1. I read Edith Wharton's Ethan Fromme to benefit from the astute and enlightening post written by Lisa's father, The Professor, and posted over at her website, Privilege. Will I shock you if I admit that it's the first Wharton novel I've read? Remember, I'm a Canadianist, and although I do have some familiarity with American Lit, it's primarily the more contemporary writing. I'll definitely make room for more Wharton after this introduction, especially now that The Professor has drawn my attention to the finer linguistic aspects of the dialogue. I'm also rather interested to compare the text's "coldness" (again, note what the Prof says about this) with some rather cold Canadian texts. The combination of social and meteorological coldness, especially against a background of class relations, though, seems rather particular. (Yet some of Sinclair Ross's stories come to mind, particularly for the social isolation.)
I was disappointed that I hadn't managed to view the film version of this -- especially since it featured a very good cast. But The Professor's impatience with it reconciles me to my failure, and I doubt I'll try to search out the video now.
2. I read David Adams Richards' Incidents in the Life of Markus Paul (a copy I had him sign after hearing him speak) as I flew back across Canada from New Brunswick, finishing it over the first few days back home. Surprisingly, it's something of a page-turner, as close to genre fiction--the mystery--as I can imagine Richards getting. Usually, I read his books with some mixture of fascinated horror and genuine concern for the one or two truly human individuals that tend to redeem the surrounding banal multiplying selfishnesses of the world he describes . . . his Miramichi a microcosm of humanity, but also a fascinatingly particular region, harsh, gothic, sometimes beautiful. I'm also generally horrified by, yet oddly admiring of, Richards' disregard for intellectual and literary fashion, for what I hate calling "political correctness" yet concede the term's usefulness. Richards writes about religion and race in ways that occasionally make me wince, yet excepting his narrators' overblown disgust with academe, I admit that he writes with intellectual honesty and rigour. And as particular as his works are to a small, rather remote region, he gets to the universal in a way that recalls those big Russian writers he favours (at least, they certainly come up in the interviews/articles I've read about him).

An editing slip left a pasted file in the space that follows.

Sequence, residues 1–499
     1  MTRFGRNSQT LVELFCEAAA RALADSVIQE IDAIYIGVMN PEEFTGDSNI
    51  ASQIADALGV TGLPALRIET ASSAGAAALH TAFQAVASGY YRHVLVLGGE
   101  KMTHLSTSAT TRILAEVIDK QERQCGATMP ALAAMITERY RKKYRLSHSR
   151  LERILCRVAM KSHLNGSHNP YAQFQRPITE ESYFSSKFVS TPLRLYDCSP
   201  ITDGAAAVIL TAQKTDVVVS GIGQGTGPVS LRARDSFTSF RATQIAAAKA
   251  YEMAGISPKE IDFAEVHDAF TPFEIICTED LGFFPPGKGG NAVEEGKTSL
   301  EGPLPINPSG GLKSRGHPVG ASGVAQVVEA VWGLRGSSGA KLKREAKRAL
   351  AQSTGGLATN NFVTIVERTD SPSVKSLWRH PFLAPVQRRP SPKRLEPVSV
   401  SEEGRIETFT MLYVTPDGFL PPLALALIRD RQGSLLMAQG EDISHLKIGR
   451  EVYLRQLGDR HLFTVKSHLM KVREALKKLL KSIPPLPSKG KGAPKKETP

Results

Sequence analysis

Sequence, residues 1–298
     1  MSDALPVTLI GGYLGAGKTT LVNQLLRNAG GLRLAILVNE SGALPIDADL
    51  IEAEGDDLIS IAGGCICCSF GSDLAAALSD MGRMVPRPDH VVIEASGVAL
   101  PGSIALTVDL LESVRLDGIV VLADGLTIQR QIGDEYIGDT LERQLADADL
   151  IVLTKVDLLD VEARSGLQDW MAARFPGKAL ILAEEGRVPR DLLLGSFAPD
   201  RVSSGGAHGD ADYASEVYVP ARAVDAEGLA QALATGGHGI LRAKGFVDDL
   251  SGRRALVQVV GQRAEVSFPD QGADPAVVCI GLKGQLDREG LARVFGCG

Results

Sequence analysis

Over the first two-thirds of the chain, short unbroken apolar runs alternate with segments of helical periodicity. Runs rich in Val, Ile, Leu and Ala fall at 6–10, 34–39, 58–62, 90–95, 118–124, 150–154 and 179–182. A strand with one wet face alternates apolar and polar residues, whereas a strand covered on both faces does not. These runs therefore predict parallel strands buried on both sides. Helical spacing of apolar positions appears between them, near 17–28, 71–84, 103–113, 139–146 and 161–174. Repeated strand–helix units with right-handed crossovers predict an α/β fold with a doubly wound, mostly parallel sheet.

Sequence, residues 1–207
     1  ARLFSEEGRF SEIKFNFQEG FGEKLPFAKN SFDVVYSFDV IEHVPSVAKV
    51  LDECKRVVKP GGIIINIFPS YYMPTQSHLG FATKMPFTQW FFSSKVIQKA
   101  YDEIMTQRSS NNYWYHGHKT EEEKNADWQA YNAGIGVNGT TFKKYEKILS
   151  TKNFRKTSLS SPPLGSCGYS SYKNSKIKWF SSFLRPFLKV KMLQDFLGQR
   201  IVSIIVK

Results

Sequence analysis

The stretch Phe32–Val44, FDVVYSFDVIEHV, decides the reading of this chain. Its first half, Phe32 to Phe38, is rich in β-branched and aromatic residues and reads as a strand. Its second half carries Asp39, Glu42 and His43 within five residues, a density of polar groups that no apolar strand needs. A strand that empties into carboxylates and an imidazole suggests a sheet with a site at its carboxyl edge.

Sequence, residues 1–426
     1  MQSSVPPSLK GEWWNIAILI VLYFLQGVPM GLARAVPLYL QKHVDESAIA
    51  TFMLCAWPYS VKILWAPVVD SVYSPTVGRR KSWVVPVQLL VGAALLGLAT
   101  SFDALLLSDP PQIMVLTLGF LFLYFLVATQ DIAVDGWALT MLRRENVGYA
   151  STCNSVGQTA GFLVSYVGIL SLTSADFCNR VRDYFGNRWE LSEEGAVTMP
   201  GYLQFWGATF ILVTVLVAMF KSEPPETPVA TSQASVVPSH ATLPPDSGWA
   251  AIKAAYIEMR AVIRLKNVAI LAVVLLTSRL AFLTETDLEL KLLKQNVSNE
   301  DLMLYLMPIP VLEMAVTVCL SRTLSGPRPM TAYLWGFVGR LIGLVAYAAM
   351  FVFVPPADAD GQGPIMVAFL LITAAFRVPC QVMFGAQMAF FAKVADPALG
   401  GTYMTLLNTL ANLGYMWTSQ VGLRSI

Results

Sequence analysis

3. Richard Wagamese's Dream Wheels is a much more accessible novel, but linked to
I note that by some interesting coincidence, I have once again brought Wagamese and Richards together in a post. I wonder what that's about . . .